Press Releases

NYCEDC Announces New York City Cruise Industry Generated a Total Economic Impact of $229.5 Million in 2013

Over 620,000 Passengers Spent More Than $140 Million in New York City Last Year, Exceeding All Other Continental U.S. Ports

New York City Economic Development Corporation today announced that New York City’s cruise industry generated a total economic impact of nearly $230 million in 2013. The 2013 Economic Impact Study details an increase in passengers to over 620,000, more than 30,000 higher than in 2012, and nearly 40 percent higher than in 2009, when the City first began analyzing industry data. These passengers, along with crew, spent more than $140 million in New York City last year, a 16 percent increase from 2012, and overall, the new study showed significant growth in all sectors of the City’s cruise industry since 2009. With significant increases in ship calls and passenger and crew spending over the last five years, the study’s findings confirm that cruise continues to be an important component of the city’s tourism industry and overall economy. Tourism, which brought a record 54.3 million visitors to the City in 2013 who collectively spent $39.4 billion, supported more than 370,000 leisure and hospitality jobs across all five boroughs.

“The cruise industry plays a critical role in New York City’s economy, supporting thousands of jobs and contributing to the City’s robust tourism and hospitality industry, which generates $59 billion in economic impact per year,” said NYCEDC President Kyle Kimball. “The jobs and economic activity produced by the cruise industry are an important part of New York City’s continued economic growth and diversification, and we look forward to promoting development of the sector.”

New York City ranks among the nation’s top five cruise ports in embarking passengers due its dining, shopping, entertainment, cultural and lodging options. Spending by passengers and crew increased from $93.8 million in 2009 to $141.2 million in 2013, and the average amount spent by passengers in New York City is the highest total among all continental United States ports, and second only in the country to Honolulu.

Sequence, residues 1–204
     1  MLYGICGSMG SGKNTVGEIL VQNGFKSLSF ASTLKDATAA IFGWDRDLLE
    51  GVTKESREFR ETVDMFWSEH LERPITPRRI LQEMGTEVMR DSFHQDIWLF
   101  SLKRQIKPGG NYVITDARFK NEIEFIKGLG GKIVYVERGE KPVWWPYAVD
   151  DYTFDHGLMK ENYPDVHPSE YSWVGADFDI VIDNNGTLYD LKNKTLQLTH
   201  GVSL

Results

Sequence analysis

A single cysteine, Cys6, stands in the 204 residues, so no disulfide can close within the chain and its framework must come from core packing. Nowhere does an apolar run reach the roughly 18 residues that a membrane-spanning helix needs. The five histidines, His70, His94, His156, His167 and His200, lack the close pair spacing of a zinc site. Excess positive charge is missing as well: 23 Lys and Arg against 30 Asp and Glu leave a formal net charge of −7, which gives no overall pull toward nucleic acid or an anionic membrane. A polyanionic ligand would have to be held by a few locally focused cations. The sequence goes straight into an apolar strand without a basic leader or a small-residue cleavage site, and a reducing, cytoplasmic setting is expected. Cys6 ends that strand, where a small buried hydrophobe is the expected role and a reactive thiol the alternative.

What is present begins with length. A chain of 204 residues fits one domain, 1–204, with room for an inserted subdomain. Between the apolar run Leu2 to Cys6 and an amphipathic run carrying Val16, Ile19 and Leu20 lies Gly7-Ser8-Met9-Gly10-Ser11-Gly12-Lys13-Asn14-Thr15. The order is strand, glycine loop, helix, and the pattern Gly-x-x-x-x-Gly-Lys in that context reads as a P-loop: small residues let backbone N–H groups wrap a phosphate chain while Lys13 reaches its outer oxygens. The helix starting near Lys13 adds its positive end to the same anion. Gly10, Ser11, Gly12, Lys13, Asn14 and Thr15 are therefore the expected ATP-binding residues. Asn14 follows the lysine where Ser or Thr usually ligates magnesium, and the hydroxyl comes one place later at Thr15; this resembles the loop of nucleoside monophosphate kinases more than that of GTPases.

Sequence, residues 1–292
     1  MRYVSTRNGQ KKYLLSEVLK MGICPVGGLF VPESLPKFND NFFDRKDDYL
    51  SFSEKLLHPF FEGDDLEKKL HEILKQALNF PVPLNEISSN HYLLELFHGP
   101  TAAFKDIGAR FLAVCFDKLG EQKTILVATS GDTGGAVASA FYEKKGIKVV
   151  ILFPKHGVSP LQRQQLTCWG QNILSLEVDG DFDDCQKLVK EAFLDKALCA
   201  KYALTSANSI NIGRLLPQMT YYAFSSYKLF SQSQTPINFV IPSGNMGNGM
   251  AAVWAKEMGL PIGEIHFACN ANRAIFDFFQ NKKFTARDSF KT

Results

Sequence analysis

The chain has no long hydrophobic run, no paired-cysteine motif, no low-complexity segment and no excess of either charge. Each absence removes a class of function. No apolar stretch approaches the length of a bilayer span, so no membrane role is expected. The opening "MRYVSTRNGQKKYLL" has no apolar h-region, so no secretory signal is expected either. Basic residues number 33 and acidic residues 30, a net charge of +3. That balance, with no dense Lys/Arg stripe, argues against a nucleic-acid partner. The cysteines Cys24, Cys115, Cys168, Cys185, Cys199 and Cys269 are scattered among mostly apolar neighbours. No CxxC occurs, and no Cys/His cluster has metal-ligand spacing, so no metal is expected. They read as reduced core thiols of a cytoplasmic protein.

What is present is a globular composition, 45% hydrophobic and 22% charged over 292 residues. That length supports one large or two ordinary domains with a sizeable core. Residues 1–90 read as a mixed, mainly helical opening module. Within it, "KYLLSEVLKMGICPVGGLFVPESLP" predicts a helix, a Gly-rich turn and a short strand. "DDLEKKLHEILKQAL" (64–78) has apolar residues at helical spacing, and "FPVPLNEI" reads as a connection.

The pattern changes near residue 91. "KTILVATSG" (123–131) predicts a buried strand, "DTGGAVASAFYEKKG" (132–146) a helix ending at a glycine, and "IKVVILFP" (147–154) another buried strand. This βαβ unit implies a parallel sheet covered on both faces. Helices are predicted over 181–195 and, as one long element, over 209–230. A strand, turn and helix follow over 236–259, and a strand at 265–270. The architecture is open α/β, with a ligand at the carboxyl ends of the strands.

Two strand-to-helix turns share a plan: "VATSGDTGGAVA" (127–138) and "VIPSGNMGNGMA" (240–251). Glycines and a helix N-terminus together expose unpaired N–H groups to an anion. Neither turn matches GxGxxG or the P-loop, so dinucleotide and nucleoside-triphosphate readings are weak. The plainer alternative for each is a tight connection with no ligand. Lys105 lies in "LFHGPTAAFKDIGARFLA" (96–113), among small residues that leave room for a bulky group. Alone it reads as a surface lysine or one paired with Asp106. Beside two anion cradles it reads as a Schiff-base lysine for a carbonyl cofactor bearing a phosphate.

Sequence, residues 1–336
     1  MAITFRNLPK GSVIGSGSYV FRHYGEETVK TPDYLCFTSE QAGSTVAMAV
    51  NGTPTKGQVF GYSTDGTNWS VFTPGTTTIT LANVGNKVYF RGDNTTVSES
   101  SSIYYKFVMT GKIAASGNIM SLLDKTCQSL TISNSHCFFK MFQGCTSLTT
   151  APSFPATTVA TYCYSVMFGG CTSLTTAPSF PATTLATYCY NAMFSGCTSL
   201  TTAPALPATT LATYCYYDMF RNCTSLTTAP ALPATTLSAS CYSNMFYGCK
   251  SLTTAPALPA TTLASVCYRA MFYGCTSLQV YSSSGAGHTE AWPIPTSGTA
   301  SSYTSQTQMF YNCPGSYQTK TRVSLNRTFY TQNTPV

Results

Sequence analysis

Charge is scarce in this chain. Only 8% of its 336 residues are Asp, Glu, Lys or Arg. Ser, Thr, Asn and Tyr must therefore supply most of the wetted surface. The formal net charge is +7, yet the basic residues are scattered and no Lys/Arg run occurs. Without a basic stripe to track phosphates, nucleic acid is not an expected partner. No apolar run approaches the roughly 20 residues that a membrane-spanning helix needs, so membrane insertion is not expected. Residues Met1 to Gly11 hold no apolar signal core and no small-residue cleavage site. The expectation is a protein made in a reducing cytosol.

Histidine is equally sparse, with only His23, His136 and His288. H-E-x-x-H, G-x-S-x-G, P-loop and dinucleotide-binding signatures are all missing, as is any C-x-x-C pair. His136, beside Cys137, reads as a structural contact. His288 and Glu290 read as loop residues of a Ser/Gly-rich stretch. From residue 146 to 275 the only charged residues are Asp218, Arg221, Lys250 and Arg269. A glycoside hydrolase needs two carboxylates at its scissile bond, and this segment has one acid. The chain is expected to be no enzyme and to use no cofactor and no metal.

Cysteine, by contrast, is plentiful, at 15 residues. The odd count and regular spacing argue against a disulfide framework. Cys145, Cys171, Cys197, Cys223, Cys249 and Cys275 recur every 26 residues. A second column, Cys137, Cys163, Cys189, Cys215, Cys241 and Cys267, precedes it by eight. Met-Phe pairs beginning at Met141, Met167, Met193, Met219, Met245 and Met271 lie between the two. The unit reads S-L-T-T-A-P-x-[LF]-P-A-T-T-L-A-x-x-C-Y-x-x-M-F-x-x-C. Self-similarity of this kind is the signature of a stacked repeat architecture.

Spending was broken out into three categories: embarking passengers, who began their cruise in New York City; transit passengers, who took cruises that stopped in the city; and crew. Embarking passengers were the largest spenders with $118.9 million in direct spending, followed by on-shore crew spending at $18.7 million, and transit passengers spending at $3.6 million. The largest spending categories for embarking passengers were hotel accommodations at over $49 million and food and beverages at nearly $24 million.

The majority of cruise passengers continue to come from outside the City. These passengers often arrange stays at a New York City hotel prior to or following their cruise, leading to an average spending per passenger of $437 during a two night stay. Additionally, an increasing number of passengers come from outside the United States.  In 2013, there were 98 percent more international passengers embarking on cruises out of New York City than in 2012.  In 2012, NYC & Company launched a cruise microsite at that includes information for consumers on the City’s cruise terminals as well as local events and suggested pre-cruise and post-cruise itineraries.

The Manhattan Cruise Terminal underwent a $200 million renovation in late 2008, and the Brooklyn Cruise Terminal, which opened in April 2006, cost $50 million to build.  These investments in the City’s cruise industry have helped generate billions of dollars from the cruise sector, and have attracted state-of-the-art ships into New York City’s fleet.  Beginning in May 2013, Norwegian Cruise Line’s new 4,000 passenger ship, New York City-themed Norwegian Breakaway, made New York City its year-round home port, becoming the largest ship ever to call in New York City.


New York City Economic Development Corporation is the City's primary vehicle for promoting economic growth in each of the five boroughs. NYCEDC's mission is to stimulate growth through expansion and redevelopment programs that encourage investment, generate prosperity and strengthen the City's competitive position. NYCEDC serves as an advocate to the business community by building relationships with companies that allow them to take advantage of New York City's many opportunities. Find us on Facebook or follow us on Twitter, or visit our blog to learn more about NYCEDC projects and initiatives.


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Contact Info

Kate Blumm/Ian Fried

(212) 312-3523